This session addresses problems in the presentation of female spirituality in a range of contexts from rural Britain to urban Milan.
Byzantine Orthodox circles, striving to strengthen their position against the still-influential iconoclasts at the end of the iconoclastic controversy (726–843), embraced the Psalter as an effective tool for propagating their beliefs. This was achieved through the creation of new images, one of the most striking being the Personification of Zion, based not only on biblical texts but also on theological and exegetical literature. This notion is usually translated into the image of an edifice and a female figure, alluding to Zion-Jerusalem. The image conveys the idea of the transcendent act of God creating the Chosen People, not the Hebrews, but the iconophiles who adhere by the true faith, as opposed to the heretic iconodules active in Constantinople.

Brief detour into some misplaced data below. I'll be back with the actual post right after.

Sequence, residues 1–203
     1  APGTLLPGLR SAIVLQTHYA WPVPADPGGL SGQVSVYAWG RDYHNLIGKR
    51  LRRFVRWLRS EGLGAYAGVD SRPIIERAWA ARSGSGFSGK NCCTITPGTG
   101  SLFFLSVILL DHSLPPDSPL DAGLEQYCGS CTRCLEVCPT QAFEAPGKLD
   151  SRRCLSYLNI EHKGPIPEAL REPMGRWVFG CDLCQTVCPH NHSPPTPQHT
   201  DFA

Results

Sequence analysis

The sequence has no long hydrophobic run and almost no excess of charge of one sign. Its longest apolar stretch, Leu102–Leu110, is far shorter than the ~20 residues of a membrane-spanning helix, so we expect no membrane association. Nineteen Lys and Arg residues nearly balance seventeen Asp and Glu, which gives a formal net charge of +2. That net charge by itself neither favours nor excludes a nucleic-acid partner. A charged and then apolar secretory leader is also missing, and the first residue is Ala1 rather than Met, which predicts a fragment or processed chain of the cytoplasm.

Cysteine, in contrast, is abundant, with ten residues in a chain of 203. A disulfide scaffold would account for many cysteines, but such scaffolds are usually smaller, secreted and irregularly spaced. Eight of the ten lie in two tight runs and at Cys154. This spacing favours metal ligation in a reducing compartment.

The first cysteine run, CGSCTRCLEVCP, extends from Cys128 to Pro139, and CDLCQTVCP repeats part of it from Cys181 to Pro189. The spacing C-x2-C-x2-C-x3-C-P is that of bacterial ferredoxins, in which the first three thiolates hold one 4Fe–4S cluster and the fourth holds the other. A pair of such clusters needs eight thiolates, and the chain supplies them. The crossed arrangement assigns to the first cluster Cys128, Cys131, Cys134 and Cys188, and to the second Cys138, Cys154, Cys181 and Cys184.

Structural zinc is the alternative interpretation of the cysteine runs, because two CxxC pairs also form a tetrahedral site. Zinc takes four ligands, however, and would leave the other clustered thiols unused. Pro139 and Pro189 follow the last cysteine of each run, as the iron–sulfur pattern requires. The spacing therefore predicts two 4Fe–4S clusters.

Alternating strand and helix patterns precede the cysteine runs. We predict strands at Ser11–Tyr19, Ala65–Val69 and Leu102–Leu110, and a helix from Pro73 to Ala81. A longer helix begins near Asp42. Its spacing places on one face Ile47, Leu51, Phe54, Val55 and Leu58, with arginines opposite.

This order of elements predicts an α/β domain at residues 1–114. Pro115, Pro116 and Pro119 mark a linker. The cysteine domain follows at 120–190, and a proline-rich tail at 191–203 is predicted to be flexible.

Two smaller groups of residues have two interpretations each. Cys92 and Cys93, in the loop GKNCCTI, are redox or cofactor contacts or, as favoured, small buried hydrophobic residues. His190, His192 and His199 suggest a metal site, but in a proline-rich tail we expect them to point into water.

The Book of Margery Kempe, written when the anti-Lollard campaign was in full swing, presents its heroine as an orthodox member of the Church. In this paper I will address the question whether Margery Kempe could be considered a Lollard, and if so, to what extent and in what aspect. I purpose that a careful reading of Kempe’s approach to religious artefacts, their veneration, and even pilgrimage, reveals her to be closer to the Lollard doctrinal position than to the orthodox one. I will examine Kempe’s text and approach in relation to its historical background to show Kempe’s probable affinity to the Lollard heresy, particularly with regard to images and pilgrimage.
St Peter of Verona (1206-1252), originally born into a family who were adherents of the Cathar sect, joined the Dominican Order as a young man and spent the remainder of his life preaching vigorously against the Cathar/Manichaean heresy, ultimately serving as inquisitor general for northern Italy. His death at the hands of an assassin hired by the heretics has the distinction of being one of the last martyrdoms of a Christian for the True Faith in the post-Late Antique period. Although St Peter Martyr is credited with numerous ‘healing miracles’, this paper will focus on a series of Trecento and Quattrocento painted images of the saint performing ‘miracles of orthodoxy’ – miracles that either expose false doctrine as the work of the Devil (no matter how innocent its guise) or divinely bless and reward adherence to orthodox Catholic dogma, of which the Dominicans were the guardians.